Mars, 3 or 4 billion years ago, may have looked much like primitive Earth, Horgan said, and as the erosion of our planet, plate tectonics and other processes swept rocks of the time, Mars offers another chance to see them.

"The geology of Mars has been much less active in the kind of scale than the Earth is that rocks 4 billion years ago are only on the surface," Horgan said. "They were not subducted, they were not buried, they were not eroded – they are just sitting there, basically waiting for us to go look at them and try to understand what these old, 4 billion years old may have looked like, and they supported life ".

Horgan is a scientist for NASA's next Mars 2020 space mission, whose landing site the agency announced on November 19. The Mars 2020 rover follows in the footsteps of the 1976 Viking sleepplanes, which landed on the Red Planet to seek life according to scientists. Better understanding of the planet's conditions, and the Curiosity rover, which landed in 2012 to investigate the habitability of Mars's past.

As our visions of the planet evolve, our life-search tools also said Horgan – after the explorers of Spirit and Opportunity presented evidence of water in the past, Curiosity brought a vast array of scientific instruments to try to find organic or other evidence of habitability. near those ancient water beds. Mars 2020 will build on Curiosity's ongoing work, bringing even more refined analytical tools to, for example, organic images on rocks, looking for microfossils or textures that suggest ancient biology. Scientists still do not know whether the flowing water was often on the surface, or whether it could have been mostly frozen with occasional melts due to volcanic activity.

"Some of the instruments by 2020 are really focused on the finer details of rocks, the kind of things we can not see with the instruments we currently have, and cache samples that eventually get returned to Earth could provide us with key information in the long run, "said John Grant, a geologist at the Smithsonian Institution who was on the science teams for the Spirit and Opportunity vehicles, Curiosity and Mars Reconnaissance Orbiter. He also led the Mars 2020 landing site selection process.

"InSight is a very important part of this, because none of the [NASA’s previous missions] really – pun intended – scrape beneath the surface in terms of planetary evolution and understand how the planet has evolved over time, "added Grant.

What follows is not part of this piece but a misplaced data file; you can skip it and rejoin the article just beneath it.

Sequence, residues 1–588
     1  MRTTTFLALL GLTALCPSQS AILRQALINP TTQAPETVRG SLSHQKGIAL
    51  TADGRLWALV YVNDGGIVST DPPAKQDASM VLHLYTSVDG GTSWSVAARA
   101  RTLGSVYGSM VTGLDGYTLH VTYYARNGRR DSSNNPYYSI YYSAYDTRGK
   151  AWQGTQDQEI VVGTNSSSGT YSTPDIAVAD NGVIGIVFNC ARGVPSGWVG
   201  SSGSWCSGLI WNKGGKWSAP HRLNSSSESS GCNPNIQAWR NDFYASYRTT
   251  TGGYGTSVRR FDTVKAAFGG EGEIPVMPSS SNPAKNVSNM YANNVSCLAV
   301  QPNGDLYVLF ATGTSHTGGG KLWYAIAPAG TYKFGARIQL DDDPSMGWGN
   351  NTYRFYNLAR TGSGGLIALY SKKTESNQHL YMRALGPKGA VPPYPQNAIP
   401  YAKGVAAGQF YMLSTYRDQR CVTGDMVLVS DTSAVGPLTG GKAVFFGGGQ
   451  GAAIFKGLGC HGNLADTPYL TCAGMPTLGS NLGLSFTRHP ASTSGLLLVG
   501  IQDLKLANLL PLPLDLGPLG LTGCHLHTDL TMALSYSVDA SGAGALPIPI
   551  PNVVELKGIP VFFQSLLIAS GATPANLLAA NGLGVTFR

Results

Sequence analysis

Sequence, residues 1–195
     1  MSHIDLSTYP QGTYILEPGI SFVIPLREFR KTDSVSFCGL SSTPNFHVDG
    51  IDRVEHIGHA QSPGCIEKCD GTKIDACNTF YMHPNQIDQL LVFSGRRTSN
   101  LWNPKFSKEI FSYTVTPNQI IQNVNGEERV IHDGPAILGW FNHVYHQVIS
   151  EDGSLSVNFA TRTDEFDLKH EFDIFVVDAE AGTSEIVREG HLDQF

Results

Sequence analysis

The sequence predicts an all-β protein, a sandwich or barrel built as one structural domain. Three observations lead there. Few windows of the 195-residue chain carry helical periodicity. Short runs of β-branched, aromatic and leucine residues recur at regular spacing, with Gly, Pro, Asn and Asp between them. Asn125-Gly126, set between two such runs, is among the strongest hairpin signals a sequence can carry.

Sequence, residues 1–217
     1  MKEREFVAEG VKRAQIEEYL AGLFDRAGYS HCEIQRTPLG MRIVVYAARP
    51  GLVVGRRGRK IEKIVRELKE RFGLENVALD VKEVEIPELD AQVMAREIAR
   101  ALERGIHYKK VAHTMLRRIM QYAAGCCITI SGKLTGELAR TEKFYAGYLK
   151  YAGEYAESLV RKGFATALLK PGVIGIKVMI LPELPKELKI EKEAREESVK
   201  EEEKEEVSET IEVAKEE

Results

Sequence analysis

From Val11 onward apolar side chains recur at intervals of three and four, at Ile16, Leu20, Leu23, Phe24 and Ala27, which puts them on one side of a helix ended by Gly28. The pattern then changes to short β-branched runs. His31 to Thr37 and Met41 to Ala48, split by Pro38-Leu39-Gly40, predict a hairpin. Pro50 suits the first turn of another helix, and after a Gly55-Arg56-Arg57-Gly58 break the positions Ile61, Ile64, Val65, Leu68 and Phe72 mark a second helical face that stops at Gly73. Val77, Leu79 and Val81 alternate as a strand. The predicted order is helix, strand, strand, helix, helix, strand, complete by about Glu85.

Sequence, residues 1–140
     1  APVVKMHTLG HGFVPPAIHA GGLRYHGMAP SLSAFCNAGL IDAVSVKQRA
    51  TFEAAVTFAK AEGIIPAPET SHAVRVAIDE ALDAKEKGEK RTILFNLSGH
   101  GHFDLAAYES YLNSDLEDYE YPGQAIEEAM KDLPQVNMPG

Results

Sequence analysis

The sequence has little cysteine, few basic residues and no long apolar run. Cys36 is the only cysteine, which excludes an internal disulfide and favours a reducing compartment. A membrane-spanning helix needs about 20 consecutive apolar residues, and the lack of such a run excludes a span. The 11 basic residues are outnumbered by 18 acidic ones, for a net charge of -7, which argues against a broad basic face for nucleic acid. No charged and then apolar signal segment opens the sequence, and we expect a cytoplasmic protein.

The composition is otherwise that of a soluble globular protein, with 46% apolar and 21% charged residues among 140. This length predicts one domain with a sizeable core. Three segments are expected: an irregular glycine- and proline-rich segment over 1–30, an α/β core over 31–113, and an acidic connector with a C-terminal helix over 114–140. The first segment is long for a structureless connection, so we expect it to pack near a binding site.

"If we know something about their internal structure and evolution, we can say something about the time that has been active, whether active or not, and they all have implications for changing conditions … related to things like habitability and whether there was past life "he told Space.com. So while InSight is not directly related to the life of Mars, "everything is intertwined," he added.

And, of course, with NASA's evolving plans to send humans to Mars, everything we learn will help us prepare for that moment.

"Yes, we are returning to the moon, but we are also on our way to Mars and science [helps] Make sure we understand the features and exploit that we understand the living conditions and understand what needs to be searched there, "said Thomas Zurbuchen, associate administrator of the board of NASA's scientific mission, during the announcement of Mars landing site 2020.

"That is, I would say, an additional argument about why Mars is so exciting to us," he added. "We will not go anywhere else so soon, from our terrestrial planets, for all the obvious Mars is really the obvious place after the moon to come back and expand our presence into an ever deeper space. "

So why are we still going to Mars? Learn about our solar system, learn about the primitive earth, search for life and simply learn about our neighbor before visiting it.

"Science boosts our understanding and allows us to take humans to a place like Mars," Glaze said during the briefing. "The more exploration we have, the better we will understand this environment, the better prepared we will be to send humans to Mars in the future."

Email Sarah Lewin at [email protected] or follow her SarahExplains. Follow us on Twitter @Spacedotcom and in Facebook. Original article on Space.com.